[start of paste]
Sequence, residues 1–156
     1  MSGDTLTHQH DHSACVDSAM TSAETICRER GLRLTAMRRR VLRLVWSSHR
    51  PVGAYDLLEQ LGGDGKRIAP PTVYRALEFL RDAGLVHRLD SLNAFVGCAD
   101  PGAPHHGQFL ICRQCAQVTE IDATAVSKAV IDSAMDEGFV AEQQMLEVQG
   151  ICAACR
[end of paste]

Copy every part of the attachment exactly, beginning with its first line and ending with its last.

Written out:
Sequence, residues 1–156
     1  MSGDTLTHQH DHSACVDSAM TSAETICRER GLRLTAMRRR VLRLVWSSHR
    51  PVGAYDLLEQ LGGDGKRIAP PTVYRALEFL RDAGLVHRLD SLNAFVGCAD
   101  PGAPHHGQFL ICRQCAQVTE IDATAVSKAV IDSAMDEGFV AEQQMLEVQG
   151  ICAACR